In 1959, physicist Richard Feynman predicted a future in which scientists would, by manipulating atoms and molecules, be able to build materials and structures of higher strength, lighter weight, increased control of the light spectrum, and greater chemical reactivity.
Everything of a physical nature – human beings, plants, minerals, air – is composed of combinations of atoms and molecules bound together either by shape or electronic charge. Manipulating atoms on a nano-scale would theoretically allow humans to reproduce everything from diamonds to food.
While the benefits of such technology are virtually countless, it has created considerable concern among some that molecular manipulation may unwittingly bring more problems than solutions – up to, and including, human extinction. Organizations such as Friends of the Earth of Australia, Individuals Tending Toward Savagery in Mexico, and the Organic Consumers Association in America actively oppose any further development of nano-scale projects.
What Is “Scale” and Why Is It Important?
Nanotechnology is the science that deals with the manipulation of matter on an atomic, molecular, and supramolecular scale – in other words, much smaller than what the naked eye can see. Each nanometer is one billionth of a meter – approximately the length a fingernail grows in one second. To put that in perspective, a human hair is roughly 80,000 to 100,000 nanometers wide, a red blood cell is 2,500 nanometers, and a strand of human DNA is 2.5 nanometers in diameter.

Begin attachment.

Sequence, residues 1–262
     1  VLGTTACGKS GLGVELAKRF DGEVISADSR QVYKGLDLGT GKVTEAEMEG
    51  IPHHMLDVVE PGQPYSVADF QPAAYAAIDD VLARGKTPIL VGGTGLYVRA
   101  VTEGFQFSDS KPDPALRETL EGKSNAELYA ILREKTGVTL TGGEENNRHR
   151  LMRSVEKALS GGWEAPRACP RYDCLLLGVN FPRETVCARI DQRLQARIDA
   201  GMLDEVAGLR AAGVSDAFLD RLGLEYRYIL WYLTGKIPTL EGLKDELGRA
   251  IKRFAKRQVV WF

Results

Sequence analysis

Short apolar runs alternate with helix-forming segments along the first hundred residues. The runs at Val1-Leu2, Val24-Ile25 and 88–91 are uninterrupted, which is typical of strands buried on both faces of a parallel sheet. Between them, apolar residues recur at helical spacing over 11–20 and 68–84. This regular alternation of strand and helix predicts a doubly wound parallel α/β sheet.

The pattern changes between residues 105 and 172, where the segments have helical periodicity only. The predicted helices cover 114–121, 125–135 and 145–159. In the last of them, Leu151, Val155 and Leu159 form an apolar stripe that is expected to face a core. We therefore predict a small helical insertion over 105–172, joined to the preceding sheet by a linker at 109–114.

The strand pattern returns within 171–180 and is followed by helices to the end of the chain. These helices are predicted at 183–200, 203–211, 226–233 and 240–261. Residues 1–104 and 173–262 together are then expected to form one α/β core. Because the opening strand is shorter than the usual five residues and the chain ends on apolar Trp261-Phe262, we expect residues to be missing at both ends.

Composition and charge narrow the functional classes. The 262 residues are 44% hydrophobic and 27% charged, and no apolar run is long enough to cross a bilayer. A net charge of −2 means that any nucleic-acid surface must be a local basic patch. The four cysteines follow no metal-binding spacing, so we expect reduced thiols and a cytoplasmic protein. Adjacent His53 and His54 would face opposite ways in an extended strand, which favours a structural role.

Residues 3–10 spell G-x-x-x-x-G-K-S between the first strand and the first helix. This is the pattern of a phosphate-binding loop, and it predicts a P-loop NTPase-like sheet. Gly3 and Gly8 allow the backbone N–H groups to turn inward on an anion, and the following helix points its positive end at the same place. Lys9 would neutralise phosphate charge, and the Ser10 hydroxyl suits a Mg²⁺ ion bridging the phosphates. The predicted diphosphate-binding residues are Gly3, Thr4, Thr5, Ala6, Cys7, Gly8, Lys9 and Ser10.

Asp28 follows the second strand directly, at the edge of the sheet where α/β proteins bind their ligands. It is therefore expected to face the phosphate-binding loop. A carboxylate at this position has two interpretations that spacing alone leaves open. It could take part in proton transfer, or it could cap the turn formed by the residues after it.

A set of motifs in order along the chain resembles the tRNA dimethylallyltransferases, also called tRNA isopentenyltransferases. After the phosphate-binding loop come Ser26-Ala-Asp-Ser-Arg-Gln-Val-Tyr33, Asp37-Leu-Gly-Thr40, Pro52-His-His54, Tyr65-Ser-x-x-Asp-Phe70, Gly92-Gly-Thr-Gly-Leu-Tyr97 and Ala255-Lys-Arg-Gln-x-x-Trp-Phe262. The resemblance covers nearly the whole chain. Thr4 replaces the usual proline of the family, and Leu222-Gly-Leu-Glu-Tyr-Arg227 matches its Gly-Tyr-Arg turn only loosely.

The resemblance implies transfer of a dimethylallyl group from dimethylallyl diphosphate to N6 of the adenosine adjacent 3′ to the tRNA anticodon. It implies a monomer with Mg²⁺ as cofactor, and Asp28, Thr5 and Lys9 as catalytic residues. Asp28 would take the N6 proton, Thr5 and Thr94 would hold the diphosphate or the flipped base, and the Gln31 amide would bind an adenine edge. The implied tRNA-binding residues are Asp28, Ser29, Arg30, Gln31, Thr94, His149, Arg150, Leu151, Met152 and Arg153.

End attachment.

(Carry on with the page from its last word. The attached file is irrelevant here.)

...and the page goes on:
It is only through the development of extraordinary precision instruments, such as the scanning tunneling microscope and the atomic force microscope, that nanotechnology has become possible. Its promise and risk arise from our growing understanding of quantum physics, which deals with ultra-small objects. Surprisingly, the behavior of substances on a nanoscale is often contrary to its properties on a larger scale.
For example, substances in bulk form that can’t carry an electric charge – insulators – may become semiconductors on a nano level, just as melting points and other physical properties may change. An aluminum Coke can ground down into a powder of 20 to 30 nanometers may spontaneously ignite in air – a property that makes it a rocket fuel catalyst. Similarly, both a diamond and the graphite in a pencil are made from carbon, but they have vastly different properties due to the way the carbon atoms bond.
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